Home >> How to Make Chess Videos
Welcome! For a couple of months now, I have been posting free chess videos on YouTube. It has been a rewarding process and I am thankful that it has provided plenty of traffic to this website. Many people have asked me about how to make chess videos, so today I want to go through a short tutorial about it. Of course, these techniques can be applied in the making of videos that aren't to do with chess.
The most convenient way to record a chess video is obviously not to use a video recorder but to "record" your screen. It is not complicated at all. When researching screen recording software in preparation for my YouTube videos, I came across the open-source freeware screen recorder CamStudio. I have used this free software for months now without a single hitch. The interface is pretty self-explanatory. You'll want to record a particular region of your screen so go to Region --> Region (this option sounds a little strange, but it's just how the interface is). Next, if you want to accompany it with audio (through a microphone), go to Options --> Record audio from microphone. It is very easy from here - just hit the red record button to start recording and the blue stop button to stop recording (after which you are prompted to name and save your file). There is even the added option of turning your video into a .swf (flash) file for your website. Here is the direct download link for the CamStudio installation.
Of course, you'll need a chess interface to record. For most of my videos, I use the commercial software Deep Junior to edit my analysis (as it supports strong UCI engines) and then the free ChessBase Light to open the analysis and record the video. I like using ChessBase Light as it has very high quality chess sets. If you don't want to pay for something like Deep Junior or Rybka, you can use the freeware Fritz 5.32 (compatible with Windows XP and Vista, although I'm not sure about Windows 7). If you use the Fritz/ChessBase family of products, note that you can create arrows by holding down the ALT key followed by right-clicking and dragging an arrow.
Other times, I record my blitz games directly from my online chess interface ("BlitzIn" of the Internet Chess Club). Of course, this costs me basically nothing since I would have played chess on the internet regardless if I was making videos.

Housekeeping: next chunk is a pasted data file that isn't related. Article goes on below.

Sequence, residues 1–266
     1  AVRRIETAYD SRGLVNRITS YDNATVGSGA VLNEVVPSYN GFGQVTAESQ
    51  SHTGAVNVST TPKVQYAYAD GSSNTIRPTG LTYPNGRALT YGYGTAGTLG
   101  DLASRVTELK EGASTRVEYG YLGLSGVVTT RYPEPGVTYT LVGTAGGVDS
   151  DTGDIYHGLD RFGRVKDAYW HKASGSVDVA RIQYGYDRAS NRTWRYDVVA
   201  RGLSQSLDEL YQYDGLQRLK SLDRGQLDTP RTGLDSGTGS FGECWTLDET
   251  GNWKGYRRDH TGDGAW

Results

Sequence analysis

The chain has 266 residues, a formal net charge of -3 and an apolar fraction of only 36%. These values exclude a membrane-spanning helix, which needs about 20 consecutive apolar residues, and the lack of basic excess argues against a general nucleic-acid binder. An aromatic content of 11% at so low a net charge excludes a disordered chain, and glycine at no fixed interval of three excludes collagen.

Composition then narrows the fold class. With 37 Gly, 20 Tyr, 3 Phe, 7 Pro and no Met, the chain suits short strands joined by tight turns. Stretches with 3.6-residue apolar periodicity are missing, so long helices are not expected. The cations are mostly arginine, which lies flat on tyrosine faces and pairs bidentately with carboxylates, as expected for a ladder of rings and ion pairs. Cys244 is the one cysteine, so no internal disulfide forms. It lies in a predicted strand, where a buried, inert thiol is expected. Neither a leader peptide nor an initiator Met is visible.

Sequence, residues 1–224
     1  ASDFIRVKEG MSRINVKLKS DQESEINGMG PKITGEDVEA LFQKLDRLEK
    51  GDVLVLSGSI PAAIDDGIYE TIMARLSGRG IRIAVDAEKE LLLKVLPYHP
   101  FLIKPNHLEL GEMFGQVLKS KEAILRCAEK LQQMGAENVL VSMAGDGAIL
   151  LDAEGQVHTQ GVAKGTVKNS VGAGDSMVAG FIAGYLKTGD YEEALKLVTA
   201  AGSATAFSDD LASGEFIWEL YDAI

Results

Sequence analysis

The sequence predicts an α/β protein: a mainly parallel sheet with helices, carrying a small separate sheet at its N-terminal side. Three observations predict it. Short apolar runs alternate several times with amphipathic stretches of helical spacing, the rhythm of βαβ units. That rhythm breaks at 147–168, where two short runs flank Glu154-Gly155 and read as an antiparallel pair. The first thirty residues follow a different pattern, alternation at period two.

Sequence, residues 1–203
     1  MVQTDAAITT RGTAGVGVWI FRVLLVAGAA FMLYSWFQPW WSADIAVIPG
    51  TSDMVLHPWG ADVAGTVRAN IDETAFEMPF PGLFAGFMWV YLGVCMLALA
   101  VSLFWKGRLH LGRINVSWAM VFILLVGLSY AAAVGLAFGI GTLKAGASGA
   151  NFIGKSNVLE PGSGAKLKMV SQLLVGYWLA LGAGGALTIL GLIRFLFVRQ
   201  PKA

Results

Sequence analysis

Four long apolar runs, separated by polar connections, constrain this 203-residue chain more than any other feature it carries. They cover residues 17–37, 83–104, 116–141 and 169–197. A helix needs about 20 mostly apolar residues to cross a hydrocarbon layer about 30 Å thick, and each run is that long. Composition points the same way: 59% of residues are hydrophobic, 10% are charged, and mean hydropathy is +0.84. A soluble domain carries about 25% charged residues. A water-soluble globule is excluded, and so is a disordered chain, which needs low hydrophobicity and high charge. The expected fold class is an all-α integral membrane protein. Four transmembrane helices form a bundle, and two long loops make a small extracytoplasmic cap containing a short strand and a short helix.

Most viewers would prefer it if you commentate (using a microphone) in your videos. Be wary that there is often a difference in quality between expensive microphones and cheaper models. If it is too much of a hassle or you cannot afford a microphone, you can add subtitles on YouTube directly or you can just add in music in the background (this can also be done directly in YouTube).
Decrease the size of AVI files NEW
Recently, I have found a highly obscure way to decrease the size of your AVI CamStudio files (I have only tested this on files that include both audio and video). Windows Movie Maker is free software that comes automatically with Microsoft Windows (Vista or earlier). For some reason, Windows 7 has this weird "Windows Live Movie Maker", which has different functionality to Windows Movie Maker, although it is possible to copy the Windows Movie Maker program folder from Vista and paste it to the program directory of Windows 7.
Import your AVI file into Windows Movie Maker, then click and drag it onto the "Video" section down the bottom of the screen. Now, click on "Publish Movie" near the top centre. Windows Movie Maker will automatically convert the AVI file into WMV and it will compress it a huge amount. For one of my recent videos, it compressed a 6-minute 93.8 MB AVI file into a 7.83 MB WMV file! The WMV file can be uploaded to YouTube just as easily as AVI. The compressed file includes practically identical audio, but the picture quality is lowered slightly. Nevertheless, it is extremely handy if you have low bandwidth and want to upload a video.
You can also use Windows Movie Maker to split long files if they are too long for the 10-minute maximum length that YouTube allows.
As far as my knowledge goes, this is all you need to know. Good luck on your video endeavours. On a final note, I would like to thank the programmers of the free software releases mentioned in this article. Nothing could be accomplished without your great work!
To purchase products, I recommend Wholesale Chess. They provide the highest quality chess products at the lowest prices (especially for US and Canadian players). They even offer to match prices with other chess websites! Even though I live overseas, this is where I choose to purchase chess goods.
For chess opening training and repertoire maintenance, I highly recommend the software I use, Chess Openings Wizard. This software was approved by Grandmaster Peter Svidler (FIDE rating 2744 as of January 2010) many years ago.
Posted by Webmaster on Wednesday, January 27, 2010.
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